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Author Topic: Oriental Orthodoxy and the Toll houses.  (Read 7035 times) Average Rating: 0
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GOCTheophan
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« on: August 24, 2007, 09:17:39 AM »

Greetings,

Do the Oriental Orthodox accept the Orthodox teaching on the particular judgement that after it's parting from the body the soul is confronted by the demons who accuse it of various sins in order to lay claim to it while it is defended by its guardian angel who attempts to guide it to Heaven, God of course being the ultimate judge?

Theophan.
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« Reply #1 on: August 24, 2007, 09:44:04 AM »

I don't think we speculate on such matters.
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« Reply #2 on: August 24, 2007, 10:09:54 AM »

Do the Oriental Orthodox accept the Orthodox teaching on the particular judgement that after it's parting from the body the soul is confronted by the demons who accuse it of various sins in order to lay claim to it while it is defended by its guardian angel who attempts to guide it to Heaven, God of course being the ultimate judge?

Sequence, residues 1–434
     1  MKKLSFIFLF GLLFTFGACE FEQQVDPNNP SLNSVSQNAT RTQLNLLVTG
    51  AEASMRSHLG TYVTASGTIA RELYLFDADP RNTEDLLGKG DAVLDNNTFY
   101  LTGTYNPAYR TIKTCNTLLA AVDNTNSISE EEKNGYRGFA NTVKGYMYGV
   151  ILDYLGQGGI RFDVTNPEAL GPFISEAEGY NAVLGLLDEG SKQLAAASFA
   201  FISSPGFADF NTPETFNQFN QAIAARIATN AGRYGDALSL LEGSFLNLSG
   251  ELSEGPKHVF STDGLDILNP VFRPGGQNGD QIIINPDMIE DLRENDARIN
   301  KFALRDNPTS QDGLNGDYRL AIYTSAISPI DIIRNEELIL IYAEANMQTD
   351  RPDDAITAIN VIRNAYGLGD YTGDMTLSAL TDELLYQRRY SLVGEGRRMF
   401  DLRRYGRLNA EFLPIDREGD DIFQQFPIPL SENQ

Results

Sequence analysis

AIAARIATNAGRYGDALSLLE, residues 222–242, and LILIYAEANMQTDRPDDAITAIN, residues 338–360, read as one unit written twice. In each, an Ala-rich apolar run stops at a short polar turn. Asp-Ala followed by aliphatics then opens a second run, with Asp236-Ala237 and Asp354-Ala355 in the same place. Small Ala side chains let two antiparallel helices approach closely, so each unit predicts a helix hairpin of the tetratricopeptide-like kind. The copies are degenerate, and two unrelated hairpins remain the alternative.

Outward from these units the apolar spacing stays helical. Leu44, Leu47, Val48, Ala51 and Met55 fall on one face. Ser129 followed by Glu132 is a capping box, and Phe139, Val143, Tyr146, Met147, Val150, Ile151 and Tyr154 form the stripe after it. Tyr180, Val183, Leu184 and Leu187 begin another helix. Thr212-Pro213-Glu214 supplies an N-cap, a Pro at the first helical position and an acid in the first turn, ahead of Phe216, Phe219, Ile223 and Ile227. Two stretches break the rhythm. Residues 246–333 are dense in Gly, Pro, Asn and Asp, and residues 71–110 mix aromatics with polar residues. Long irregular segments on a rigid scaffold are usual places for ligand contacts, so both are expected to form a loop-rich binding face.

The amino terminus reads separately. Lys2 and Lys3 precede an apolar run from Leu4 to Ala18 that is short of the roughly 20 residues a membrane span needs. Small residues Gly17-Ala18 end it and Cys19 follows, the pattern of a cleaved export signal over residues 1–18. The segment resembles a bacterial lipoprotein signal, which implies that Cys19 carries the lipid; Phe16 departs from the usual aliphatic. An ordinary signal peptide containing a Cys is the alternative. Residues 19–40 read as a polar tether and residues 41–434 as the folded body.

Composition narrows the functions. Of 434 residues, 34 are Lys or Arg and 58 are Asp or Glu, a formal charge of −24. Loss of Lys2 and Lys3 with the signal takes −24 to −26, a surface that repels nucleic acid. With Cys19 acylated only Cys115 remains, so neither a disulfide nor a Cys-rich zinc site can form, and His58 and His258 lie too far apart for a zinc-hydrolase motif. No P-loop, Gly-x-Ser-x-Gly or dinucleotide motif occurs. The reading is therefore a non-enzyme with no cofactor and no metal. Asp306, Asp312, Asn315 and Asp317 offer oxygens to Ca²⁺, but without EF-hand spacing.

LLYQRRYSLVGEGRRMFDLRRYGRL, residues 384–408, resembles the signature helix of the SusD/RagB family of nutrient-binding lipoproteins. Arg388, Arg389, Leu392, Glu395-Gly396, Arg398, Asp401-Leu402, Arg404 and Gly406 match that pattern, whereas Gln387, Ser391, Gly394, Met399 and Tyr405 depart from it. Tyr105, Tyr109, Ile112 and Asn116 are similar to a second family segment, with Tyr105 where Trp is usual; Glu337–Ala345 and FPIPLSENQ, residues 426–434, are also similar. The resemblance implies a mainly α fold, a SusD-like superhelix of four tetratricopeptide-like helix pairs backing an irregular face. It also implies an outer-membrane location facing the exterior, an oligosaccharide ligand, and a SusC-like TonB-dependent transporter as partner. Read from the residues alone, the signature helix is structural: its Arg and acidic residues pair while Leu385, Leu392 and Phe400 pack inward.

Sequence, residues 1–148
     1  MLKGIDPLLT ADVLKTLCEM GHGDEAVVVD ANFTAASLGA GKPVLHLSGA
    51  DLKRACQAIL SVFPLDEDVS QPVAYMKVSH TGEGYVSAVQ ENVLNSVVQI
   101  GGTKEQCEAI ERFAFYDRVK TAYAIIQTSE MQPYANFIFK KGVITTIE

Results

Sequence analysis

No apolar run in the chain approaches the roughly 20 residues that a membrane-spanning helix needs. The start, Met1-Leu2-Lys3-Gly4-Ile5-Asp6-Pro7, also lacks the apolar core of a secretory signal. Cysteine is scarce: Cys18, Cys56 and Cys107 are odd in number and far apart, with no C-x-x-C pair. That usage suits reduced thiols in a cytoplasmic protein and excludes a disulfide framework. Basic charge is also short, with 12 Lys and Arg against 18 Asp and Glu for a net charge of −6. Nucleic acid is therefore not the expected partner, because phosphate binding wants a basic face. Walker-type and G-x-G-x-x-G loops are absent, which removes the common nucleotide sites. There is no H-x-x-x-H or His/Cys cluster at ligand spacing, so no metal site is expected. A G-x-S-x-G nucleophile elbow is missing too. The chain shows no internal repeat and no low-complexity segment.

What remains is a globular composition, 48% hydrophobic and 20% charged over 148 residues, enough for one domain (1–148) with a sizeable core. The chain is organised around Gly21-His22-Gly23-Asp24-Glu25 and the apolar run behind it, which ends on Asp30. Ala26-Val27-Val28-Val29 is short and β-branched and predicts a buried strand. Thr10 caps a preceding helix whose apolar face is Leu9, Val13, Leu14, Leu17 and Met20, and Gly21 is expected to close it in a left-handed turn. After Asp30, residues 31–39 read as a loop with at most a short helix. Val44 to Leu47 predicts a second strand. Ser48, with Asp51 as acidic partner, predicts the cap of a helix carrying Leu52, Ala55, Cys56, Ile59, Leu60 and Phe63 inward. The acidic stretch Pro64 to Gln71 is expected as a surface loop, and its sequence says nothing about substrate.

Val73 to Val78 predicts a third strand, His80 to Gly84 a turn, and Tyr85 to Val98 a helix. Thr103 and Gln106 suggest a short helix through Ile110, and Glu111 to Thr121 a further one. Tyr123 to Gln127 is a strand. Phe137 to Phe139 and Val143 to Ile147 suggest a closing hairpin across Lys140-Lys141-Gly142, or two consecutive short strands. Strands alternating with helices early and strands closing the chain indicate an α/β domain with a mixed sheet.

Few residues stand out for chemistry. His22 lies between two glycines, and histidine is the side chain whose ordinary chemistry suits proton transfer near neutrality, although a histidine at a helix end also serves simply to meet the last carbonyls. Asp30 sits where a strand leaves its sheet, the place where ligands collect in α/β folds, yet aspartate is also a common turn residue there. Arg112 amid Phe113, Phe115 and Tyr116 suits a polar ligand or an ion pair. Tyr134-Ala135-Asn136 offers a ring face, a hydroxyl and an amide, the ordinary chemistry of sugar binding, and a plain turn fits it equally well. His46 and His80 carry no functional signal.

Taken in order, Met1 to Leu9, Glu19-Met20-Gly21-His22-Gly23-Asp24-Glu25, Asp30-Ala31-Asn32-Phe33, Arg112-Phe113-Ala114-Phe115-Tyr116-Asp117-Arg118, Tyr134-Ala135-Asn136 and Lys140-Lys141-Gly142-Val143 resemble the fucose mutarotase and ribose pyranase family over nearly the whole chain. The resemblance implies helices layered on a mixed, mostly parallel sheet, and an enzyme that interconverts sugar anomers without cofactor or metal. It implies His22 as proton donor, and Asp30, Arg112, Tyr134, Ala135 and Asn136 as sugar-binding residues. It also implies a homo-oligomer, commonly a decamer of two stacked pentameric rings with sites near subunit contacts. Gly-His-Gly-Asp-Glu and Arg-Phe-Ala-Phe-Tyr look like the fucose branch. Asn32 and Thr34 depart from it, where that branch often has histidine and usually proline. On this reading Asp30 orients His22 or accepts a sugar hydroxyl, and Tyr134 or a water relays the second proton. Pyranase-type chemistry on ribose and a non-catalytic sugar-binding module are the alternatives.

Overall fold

You may be surprised to learn that not all Eastern Orthodox accept this teaching. Things such as the Toll Houses are theologumena, not dogma.
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« Reply #3 on: August 24, 2007, 10:41:31 AM »

I, also, think we do not speculate on such matters; however, it is interesting to note that the concept is at least hinted at in at least one prayer.

As part of my thesis research (a comparison of Byzantine and West Syriac funeral rites), I came across this prayer from my own tradition (West Syriac).  It is the prayer said before the holy oil is poured over the body of the deceased:

O Lord God, by Whose Godhead's command and Lordship's authority this Your servant N. has departed from this temporal life, send unto him from above the succor of Your angelic hosts, and by means of this oil which is to be poured on his body, grant that he may become slippery and unrestrainable by the adverse powers and the hosts of the enemies who lie in wait in the air to wage war against the souls of men.  Bring him safe to the heavenly abodes of light and exultation among the saints, so that, rejoicing and exceedingly glad, he may offer glory and give thanks to You, Father, Son, and Holy Spirit, now and forever.   (Emphases mine)

I always liked it.   Smiley
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« Reply #4 on: August 24, 2007, 10:44:37 AM »